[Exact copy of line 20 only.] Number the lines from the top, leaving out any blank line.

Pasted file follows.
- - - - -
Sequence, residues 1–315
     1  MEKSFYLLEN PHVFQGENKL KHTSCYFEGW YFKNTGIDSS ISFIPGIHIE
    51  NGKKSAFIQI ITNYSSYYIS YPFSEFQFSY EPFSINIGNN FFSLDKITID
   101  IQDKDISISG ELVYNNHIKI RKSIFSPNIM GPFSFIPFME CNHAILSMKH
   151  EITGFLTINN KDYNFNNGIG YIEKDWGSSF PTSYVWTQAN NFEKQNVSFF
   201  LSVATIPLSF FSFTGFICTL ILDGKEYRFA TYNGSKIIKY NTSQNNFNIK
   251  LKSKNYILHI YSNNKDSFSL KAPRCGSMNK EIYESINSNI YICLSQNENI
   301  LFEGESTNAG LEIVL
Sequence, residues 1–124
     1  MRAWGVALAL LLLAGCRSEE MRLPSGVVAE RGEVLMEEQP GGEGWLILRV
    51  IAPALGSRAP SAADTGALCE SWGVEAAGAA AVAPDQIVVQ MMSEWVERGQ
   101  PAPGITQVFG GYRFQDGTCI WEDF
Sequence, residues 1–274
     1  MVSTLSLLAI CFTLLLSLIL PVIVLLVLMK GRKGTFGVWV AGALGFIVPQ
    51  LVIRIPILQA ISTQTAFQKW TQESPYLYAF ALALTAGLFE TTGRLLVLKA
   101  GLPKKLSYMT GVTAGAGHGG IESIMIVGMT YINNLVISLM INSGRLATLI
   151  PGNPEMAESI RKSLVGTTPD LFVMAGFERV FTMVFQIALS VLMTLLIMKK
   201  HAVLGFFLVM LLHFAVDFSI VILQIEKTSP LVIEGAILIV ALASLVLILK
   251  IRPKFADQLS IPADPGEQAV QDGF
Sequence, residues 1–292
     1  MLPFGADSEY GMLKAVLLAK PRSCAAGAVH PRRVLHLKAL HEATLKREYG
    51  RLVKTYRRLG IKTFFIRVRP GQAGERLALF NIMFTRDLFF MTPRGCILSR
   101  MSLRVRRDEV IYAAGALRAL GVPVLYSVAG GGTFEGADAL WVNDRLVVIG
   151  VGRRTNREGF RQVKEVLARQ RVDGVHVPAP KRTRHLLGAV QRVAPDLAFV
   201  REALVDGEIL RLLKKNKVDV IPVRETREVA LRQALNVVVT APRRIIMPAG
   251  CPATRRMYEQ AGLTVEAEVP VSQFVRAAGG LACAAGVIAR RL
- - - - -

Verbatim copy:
Sequence, residues 1–292